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Luzia

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Creations


Luzia


Création

Concepteurs
Scénographie
Musique
Personages

Expérience

Prologue
Opening
Hoop Diving
Adagio Quatuor
Cyr Wheel &
Trapeze
Handbalancing
Fútbol Freestyle
Intermission
Pole Dance
360° Swing
Aerial Straps
Juggling
Contortion
Russian Swings
Fiesta Finale

Odyssey

Itinéraire
Visuals
Audio/Visual
Features

 

Experience
Hoop Diving


In the Aztec psyche, the destination of one's soul was not left to chance, but hinged on one's death. Those who died in battle or on the sacrifical stone got to travel for four years alongside the Sun as the bright star made its way across the heavens, after which time they would return as hummingbirds, or picaflores. This tableau combines hoop diving with two giant treadmills in a soaring tribute to agility and speed. Seven acrobats wearing hummingbirdcostumes, complete with wings and a long beak, jump through hoops a mere 75 centimeters (less than 30 inches) in diameter. Performing the feat on two treadmills makes the challenge even more daunting. The acrobats leap through the hoops sometimes feet first, sometimes backwards, sometimes bent in half. Some even leapfrog over their partners in order to jump through the rings.

Next, bright hummingbirds (complete with head, beak, and wings!) leap through hoops a mere 75 centimeters in diameter in a tribute to fleetness, agility, and yes, speed. In a sequence that calls back to Dralion's energetic Hoop Diving act, here in LUZIA they kick it up a notch by exploring the combination of this traditional circus discipline from China with two giant treadmills to generate speed and expand the discipline’s acrobatic vocabulary. These hummingbirds are no joke; leaping through the hoops forwards, backwards and sideways, as the treadmills move forward and backward at will, will keep you on the edge of your seat. The two treadmills can operate in the same direction or in oppositedirections. Sometimes artists use the treadmill as alaunching pad to perform daring leaps through the hoops; when placed on the rolling treadmills the hoops suddenlybecome moving targets for the divers. (The two treadmills weigh 3,630 kilograms apiece and are powered independently by 28 automobile-type batteries.)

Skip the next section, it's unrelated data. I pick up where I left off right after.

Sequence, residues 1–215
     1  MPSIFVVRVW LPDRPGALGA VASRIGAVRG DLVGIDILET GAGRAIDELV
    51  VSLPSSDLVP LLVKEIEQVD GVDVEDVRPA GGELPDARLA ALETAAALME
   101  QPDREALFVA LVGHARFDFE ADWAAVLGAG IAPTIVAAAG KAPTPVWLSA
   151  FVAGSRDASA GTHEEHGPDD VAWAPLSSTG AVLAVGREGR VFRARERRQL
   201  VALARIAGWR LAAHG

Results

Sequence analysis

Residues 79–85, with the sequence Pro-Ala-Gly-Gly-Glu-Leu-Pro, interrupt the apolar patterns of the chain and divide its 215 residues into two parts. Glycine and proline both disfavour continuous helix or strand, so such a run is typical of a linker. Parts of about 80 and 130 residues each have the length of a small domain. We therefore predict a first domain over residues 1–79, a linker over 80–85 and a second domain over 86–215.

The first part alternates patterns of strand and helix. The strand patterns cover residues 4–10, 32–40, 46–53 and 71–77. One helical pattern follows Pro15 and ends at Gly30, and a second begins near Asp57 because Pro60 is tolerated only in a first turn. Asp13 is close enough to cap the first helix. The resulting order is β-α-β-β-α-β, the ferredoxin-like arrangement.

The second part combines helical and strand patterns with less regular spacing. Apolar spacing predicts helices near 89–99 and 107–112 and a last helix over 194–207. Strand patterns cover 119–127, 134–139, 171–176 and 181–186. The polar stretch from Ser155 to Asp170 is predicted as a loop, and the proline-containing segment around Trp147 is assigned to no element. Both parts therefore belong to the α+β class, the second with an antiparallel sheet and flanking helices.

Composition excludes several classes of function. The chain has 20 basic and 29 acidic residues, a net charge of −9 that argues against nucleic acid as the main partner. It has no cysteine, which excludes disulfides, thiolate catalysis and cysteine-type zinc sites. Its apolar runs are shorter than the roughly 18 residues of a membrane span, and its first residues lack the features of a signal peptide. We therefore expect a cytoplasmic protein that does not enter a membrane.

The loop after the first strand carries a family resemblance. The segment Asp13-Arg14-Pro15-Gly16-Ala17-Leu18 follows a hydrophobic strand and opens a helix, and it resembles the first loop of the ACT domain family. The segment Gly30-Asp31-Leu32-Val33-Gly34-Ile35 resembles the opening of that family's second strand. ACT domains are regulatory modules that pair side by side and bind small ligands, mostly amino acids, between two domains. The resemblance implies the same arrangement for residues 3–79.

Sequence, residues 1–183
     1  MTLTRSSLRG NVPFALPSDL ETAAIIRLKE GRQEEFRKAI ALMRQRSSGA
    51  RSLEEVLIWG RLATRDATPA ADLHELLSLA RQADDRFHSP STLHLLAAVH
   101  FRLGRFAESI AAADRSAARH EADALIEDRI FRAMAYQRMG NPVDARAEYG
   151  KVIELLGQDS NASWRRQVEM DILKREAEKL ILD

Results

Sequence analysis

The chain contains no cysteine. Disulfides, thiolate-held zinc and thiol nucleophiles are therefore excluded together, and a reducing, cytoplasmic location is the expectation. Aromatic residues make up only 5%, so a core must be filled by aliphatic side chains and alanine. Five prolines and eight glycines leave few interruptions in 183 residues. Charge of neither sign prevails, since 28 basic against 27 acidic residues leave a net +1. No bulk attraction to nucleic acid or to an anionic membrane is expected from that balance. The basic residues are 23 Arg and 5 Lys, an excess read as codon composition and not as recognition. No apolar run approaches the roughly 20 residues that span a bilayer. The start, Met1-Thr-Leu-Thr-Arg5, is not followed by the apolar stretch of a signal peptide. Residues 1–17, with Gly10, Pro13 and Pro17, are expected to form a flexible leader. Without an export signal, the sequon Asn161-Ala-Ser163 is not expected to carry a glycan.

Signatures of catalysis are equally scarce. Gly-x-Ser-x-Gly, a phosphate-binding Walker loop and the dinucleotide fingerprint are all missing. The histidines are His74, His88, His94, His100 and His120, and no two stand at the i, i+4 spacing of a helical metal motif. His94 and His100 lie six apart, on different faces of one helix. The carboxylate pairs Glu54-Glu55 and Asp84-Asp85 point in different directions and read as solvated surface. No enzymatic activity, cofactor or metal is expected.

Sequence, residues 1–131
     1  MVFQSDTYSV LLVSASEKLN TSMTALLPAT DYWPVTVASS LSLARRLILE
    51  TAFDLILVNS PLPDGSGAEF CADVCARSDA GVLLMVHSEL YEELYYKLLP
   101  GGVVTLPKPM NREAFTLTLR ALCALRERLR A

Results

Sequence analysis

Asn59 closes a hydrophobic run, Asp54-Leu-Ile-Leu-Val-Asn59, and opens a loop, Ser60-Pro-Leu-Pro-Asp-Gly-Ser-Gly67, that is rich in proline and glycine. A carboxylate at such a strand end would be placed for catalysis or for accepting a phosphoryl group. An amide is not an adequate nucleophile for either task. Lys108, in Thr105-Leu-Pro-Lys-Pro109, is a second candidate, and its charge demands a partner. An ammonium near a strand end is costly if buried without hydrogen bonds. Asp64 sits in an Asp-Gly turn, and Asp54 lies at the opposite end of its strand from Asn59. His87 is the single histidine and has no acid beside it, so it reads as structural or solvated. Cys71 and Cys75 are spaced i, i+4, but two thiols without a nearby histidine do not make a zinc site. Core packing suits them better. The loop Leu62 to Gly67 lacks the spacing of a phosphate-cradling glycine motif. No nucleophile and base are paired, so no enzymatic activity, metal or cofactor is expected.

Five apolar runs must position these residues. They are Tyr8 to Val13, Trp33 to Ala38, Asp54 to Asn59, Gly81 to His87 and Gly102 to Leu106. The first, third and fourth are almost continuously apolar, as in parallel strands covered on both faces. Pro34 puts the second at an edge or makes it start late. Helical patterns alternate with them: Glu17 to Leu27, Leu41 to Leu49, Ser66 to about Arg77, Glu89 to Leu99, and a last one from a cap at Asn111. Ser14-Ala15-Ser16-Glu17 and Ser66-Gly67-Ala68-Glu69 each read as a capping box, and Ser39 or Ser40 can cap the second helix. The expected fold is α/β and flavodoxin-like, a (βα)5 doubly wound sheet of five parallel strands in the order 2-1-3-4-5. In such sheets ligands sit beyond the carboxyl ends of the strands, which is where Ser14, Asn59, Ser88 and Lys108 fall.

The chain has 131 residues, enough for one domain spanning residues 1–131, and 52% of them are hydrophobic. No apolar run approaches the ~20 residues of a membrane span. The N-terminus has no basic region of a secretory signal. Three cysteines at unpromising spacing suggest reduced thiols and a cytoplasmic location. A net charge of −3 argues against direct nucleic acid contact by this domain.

Besides the pleasing aesthetics, you might wonder: why hummingbirds? In the Aztec psyche, the destination of one’s soul was not left to chance, but hinged on one’s death. Those who died in battle or on the sacrificial stone got to travel for four years alongside the Sun as the bright star made its way across the heavens, after which time they would return as hummingbirds. Those who were called by Tlaloc - the god of rain, water, and fertility (we’ll see him a bit later) - got to revel in the joys of Tlacopan, the exquisite tropical garden, which you see here represented with the cempaùchil. The song accompanying the performance is a much slower tempo than what you'll find on the CD, but it's equally as enjoyable, illuminating Maya Kesselman, Dominic Cruz, Devin Henderson, Martha Henderson, Michael Hottier, Aurelien Oudot, and Stephane Beauregard’s, enjoyment of the afterlife. (And do they relish it!)

 

• "Así Es La Vida"



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